arnival Thursday night. December
3, at 7 30 o'clock Elaborate prep
ration are being made for midway
nd grandstand attractions.?A very
small admission charge will be made
Everyone is urged by Die apbhabrs
to come and enjoy the fun.
Watson Says Holliday
ONLY 20 MORE DAYS !
Just three more Saturdays be
tween now and Christmas, the
I# remaining shopping days lor
handling the holidays lash mak
ing immediate action necesary.
Store decorations for the holi
day season are going up rapid
ly. and a preliminary saney
shows more Christmas goods on
counters and in shelves of local
stores than ever before.
H illiamston merchants are
making every effort to serve ef
ficiently and adequately the
needs of all the people in this
great territory. They have
bought heavily, and although
the economic trend is decidedly
advancing, prices will he found
in line with those anywhere.
Do your Christmas shopping
in Uilliamston; for in so doing
you aid others as well as your
Farmers To Have
Meet Friday Night
Present-Day Fanning Sit
uation and Outlook To
Be Topic at Meet
Farmers of Griffins Township
will meet in the Farm Life school
Friday evening of this week at 7 o'
clock, it was announced this morn
ing by M L. Barnes, assistant Mar
tin County farm agent.
The meeting topic will center a
round the farm situation as it exists
tmia.v. ami famieis will be given a?:
opportunity to express themselves as
to what type of program they would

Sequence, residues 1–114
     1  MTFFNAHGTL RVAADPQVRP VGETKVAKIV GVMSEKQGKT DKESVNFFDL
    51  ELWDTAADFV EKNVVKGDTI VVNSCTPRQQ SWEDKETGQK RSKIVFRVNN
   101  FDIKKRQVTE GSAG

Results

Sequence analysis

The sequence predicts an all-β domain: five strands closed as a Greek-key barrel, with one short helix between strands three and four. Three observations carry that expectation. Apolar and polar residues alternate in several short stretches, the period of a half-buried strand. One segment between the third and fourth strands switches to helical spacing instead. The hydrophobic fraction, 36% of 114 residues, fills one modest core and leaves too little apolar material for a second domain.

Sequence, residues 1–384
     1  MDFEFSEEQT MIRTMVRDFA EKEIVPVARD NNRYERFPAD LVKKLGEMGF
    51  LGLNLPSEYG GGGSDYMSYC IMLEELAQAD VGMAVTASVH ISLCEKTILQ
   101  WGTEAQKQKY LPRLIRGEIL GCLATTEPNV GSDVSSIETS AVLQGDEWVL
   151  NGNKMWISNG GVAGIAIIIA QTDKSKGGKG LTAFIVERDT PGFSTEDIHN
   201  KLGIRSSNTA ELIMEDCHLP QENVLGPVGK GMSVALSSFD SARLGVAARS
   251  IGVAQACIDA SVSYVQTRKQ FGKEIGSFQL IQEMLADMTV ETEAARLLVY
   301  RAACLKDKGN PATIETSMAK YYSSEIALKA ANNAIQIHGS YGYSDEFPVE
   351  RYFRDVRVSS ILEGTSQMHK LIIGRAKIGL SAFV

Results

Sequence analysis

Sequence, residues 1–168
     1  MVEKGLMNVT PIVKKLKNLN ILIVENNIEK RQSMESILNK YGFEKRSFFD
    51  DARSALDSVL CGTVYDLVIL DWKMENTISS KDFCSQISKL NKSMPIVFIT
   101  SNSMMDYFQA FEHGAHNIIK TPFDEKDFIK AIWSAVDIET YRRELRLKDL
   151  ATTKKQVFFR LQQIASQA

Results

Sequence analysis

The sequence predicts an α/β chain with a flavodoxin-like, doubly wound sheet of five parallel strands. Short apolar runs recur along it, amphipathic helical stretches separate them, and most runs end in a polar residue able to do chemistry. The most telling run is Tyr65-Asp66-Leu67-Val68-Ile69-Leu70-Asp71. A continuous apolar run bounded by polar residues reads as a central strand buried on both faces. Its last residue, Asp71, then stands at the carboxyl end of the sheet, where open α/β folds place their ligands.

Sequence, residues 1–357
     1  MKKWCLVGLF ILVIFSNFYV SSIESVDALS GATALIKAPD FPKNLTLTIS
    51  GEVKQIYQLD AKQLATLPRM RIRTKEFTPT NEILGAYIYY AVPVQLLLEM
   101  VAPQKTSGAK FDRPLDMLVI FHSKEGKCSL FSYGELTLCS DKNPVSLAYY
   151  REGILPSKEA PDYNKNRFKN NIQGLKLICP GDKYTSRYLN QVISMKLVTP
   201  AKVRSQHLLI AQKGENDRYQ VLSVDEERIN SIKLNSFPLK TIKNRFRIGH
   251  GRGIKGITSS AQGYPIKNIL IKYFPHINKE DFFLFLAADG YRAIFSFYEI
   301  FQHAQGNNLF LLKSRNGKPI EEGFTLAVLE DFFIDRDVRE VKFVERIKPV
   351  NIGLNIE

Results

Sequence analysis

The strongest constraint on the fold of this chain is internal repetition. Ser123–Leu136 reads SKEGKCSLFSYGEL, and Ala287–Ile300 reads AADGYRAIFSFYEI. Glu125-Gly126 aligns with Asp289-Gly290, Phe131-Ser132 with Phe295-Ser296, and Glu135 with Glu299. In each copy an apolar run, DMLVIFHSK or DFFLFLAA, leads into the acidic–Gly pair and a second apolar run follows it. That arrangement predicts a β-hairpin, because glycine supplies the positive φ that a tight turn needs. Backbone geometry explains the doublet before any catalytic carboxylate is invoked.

like to have in the future. County
farm leaders and possibly others
will address the meeting
After enjoying a fair parity along
with other industry, agriculture is
now losing its hold again and the
cliange is being made rapidly. In
dustrial prices are advancing, in
Justrial workers are receiving in
reased wages, while agriculture is'
depending u|>on an uncertain piro-i
gram for the future Pitt County
m, arisen to the occasion by throw-1
mg its support behind a farm or
.animation that can, if there is sup
port to be had in Other counties,
plead the cause of agriculture
Whether Griffins Township farmers
will pledge their support at the
meeting Friday evening of this week
is to be seen They have always
come across in the past, and a suc
cessful drive there may be a turn
ing point in rallying all Martin
farmers behind a definite movement
in behalf of agriculture
All farmers of the district are m
vited to attend the meeting.
White School Children
Get Two-Week Holiday
White school children in this
county will enjoy one of the longest
Christmas holidays in years, the of
fice of the county superintendent of
schools announcing today that the
plants would close on Friday, De
cember 18, and reopen oh January
4 In the new year. Colored schools,
starting a week late in the fall, will
be closed for one week only, De
cember 22 to 30.
Before the holidays go into effect.
jected to mid-term examination, it
was learned. The examinations will
be held week after next.
Auto License Tags To Go On
Sale at Local Bureau on 15th
The I9S7 State automobile license
tags will go on tale at the Carolina'
Motor Club bureau in the offices of!
the Wiiliamston Motor Company the
15th of this month, reports stating j
that no extension of time will be
granted auto owners In 1937 for pur-|
chasing the plates. In fact, unoffic
ial reports maintain that the patrol.
has been instructed to arrest own-'
era who operate their cars with 1936
tags on the Aral day uf the new.
year even if the owners are on their,
way to get the new plates.
It will be lawful to display the
ISHrof Ibis iwmlh. Tag pnrea wttl
be about the same as they were 1&>1
year when they were slightly
duced from those of the yrer before.
More than 6,000 of Uie IM
have been sold by the local bureau,
but sales now are few and far be